Bankrate: Do you remember the
moment you felt you'd arrived as a pro?
Irwin: I think it was that 1970
L.A. Open that I lost in a playoff to Billy Casper.
I had a two-shot lead with four holes to play
and made some mistakes coming in and allowed Billy
to tie me. From that point on, I felt like maybe
it's not such a bad deal. That gave me a little
boost of confidence. But certainly that first
tournament win is huge, as it was for me.
Bankrate: You've been known as
the golfer who excels when conditions get tough.
Do you attribute that to your athletic training?
I kind of harken back to those situations playing
football. I was always kind of undersized, undermanned,
and I felt like I played above my physical presence.
I had to do things better than the guy opposite
me. I didn't have great speed; I had quickness
in short distances, which is primarily what football
is, but if I got in a footrace with anybody, probably
in the long run I would lose. My position was
such at weak-side safety that I had a lot of territory
to cover, but if I read my keys well and did what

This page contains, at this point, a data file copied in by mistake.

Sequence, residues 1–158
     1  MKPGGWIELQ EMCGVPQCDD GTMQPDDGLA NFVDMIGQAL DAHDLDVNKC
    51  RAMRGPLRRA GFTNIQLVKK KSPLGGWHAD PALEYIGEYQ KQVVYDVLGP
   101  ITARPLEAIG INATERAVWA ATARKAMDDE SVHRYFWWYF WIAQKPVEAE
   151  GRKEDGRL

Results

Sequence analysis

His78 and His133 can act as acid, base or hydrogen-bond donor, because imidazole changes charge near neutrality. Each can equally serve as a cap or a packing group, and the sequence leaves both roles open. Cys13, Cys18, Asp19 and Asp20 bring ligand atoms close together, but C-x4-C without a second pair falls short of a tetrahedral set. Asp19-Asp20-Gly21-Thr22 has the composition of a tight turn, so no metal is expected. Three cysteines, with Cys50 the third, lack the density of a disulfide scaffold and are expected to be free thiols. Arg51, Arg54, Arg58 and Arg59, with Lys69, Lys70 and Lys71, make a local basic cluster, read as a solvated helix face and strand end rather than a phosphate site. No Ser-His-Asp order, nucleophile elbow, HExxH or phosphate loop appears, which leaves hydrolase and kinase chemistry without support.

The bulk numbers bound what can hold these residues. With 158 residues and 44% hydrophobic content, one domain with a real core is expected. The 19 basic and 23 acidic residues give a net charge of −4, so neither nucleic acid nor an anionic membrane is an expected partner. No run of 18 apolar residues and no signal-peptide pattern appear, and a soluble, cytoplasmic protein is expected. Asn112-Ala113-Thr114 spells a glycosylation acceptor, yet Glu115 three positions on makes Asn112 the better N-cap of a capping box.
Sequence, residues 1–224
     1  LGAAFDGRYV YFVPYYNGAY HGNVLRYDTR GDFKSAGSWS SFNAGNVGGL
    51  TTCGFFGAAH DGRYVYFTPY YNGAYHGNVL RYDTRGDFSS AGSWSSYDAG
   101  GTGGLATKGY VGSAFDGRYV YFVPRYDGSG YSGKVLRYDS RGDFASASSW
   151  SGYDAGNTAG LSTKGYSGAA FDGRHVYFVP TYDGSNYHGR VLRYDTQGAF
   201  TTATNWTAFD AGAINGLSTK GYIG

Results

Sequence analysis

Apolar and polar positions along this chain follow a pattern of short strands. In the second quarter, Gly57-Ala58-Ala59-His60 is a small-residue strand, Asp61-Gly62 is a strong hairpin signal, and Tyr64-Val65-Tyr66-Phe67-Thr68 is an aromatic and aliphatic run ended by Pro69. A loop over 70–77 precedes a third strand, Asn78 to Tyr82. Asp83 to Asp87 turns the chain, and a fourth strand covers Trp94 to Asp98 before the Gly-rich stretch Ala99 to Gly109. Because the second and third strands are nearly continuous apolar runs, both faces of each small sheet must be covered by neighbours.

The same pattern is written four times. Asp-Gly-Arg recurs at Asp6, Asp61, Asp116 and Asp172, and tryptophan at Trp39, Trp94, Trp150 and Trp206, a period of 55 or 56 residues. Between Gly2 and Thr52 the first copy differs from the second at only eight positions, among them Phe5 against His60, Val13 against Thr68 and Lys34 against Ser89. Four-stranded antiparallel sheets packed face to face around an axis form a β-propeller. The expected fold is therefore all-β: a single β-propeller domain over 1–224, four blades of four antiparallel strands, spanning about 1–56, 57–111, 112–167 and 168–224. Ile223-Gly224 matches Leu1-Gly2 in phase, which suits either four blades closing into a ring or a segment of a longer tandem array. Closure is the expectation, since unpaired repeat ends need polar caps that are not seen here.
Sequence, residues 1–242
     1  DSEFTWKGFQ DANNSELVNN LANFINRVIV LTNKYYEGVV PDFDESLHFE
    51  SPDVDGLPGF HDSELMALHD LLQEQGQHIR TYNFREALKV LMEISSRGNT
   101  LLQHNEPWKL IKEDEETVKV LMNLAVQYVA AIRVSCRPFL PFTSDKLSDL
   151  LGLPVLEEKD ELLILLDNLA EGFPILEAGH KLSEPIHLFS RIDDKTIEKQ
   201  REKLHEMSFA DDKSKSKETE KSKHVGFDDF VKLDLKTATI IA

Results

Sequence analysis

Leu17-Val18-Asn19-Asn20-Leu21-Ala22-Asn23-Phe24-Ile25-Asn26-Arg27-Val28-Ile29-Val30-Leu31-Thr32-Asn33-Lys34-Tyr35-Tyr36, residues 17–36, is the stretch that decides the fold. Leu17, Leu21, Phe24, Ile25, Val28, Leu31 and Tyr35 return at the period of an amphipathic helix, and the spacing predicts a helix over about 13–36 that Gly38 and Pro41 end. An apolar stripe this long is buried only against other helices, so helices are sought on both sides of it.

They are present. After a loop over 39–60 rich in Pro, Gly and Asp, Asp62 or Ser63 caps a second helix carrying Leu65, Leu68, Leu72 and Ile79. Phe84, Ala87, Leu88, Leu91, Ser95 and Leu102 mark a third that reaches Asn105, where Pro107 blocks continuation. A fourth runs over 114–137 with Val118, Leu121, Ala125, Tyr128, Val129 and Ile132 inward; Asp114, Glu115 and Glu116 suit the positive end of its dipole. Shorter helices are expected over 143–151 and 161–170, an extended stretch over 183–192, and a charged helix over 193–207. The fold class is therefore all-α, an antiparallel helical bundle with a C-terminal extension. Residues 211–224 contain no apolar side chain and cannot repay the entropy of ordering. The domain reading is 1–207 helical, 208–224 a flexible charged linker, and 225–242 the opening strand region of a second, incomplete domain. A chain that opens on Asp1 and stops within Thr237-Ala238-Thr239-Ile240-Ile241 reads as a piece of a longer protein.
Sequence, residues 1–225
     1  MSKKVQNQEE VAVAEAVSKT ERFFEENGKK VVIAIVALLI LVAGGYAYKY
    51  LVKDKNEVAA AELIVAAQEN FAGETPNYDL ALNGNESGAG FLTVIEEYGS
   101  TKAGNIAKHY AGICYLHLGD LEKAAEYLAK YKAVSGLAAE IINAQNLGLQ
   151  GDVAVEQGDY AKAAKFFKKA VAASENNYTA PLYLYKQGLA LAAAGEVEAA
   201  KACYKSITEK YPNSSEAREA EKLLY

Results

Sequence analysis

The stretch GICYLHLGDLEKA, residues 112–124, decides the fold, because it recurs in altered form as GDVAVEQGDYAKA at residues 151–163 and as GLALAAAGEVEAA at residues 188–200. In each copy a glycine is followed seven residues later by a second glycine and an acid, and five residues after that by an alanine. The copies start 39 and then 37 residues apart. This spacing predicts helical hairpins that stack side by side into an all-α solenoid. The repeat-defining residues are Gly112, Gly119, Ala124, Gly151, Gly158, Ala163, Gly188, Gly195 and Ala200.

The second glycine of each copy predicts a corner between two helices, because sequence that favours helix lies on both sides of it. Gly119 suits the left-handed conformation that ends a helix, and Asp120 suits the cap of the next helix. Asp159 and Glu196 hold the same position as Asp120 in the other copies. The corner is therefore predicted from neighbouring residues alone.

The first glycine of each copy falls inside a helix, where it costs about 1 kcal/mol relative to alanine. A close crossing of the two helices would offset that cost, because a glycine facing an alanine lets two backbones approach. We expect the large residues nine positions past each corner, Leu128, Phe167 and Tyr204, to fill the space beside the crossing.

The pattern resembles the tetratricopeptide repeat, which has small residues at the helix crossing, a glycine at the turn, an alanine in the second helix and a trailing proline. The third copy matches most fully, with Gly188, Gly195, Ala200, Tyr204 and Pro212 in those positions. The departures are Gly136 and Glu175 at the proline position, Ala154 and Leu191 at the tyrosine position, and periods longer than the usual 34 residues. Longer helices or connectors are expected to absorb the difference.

I was supposed to do and read the quarterback's
eyes and followed the ball, it was OK. I refer
to that simply because I think that helped me
win at Winged Foot. I think Winged Foot was just
such a difficult golf course for any of us that
well over 50 percent of the field just gave up
before it even started. That wasn't an uncommon
situation for me to look at something that was
bigger and better than I was. That training ground
on the football field helped my discipline, helped
my desire, and I think I've always had that competitive
Bankrate: How have you invested
I have a golf course design and development business
and my son is with me now and I'm trying to help
him as much as anything. But I think the investments
I've made and the direction in which I've tried
to go are pretty much like the way I play. My
temperament is such that I try to "read"
the market, even though I'm not a market analyst.
I try to get a pulse of what's happening, because
let's face it, where I go each week, I'm around
successful people all the time. Whereas I may
not know how to talk to people at FedEx or Charles
Schwab or some of our great sponsors about their
businesses, you're around their clients, you get
a feeling for what's happening, and you can hear
conversations they have. It' not stock tips; it's
kind of the pulse of America.
I'm not an expert. I don't pretend
to be an expert. I don't rush to the Journal to
see what's happening to my stocks. I don't rush
into any investment; I leave it up to others,
and if I have an idea, I talk it over with my
investment counselors and they look it up and
then we decide. I'm conservative, but I don't
mind the aggressive play every now and again.
It's just like the way I play: I'll shoot at a
pin if I have a good lie and it's accessible and
I feel like now is the time. I'll shoot at the
pin. But there are times when I shoot at the fat
of the green and let's not be stupid here.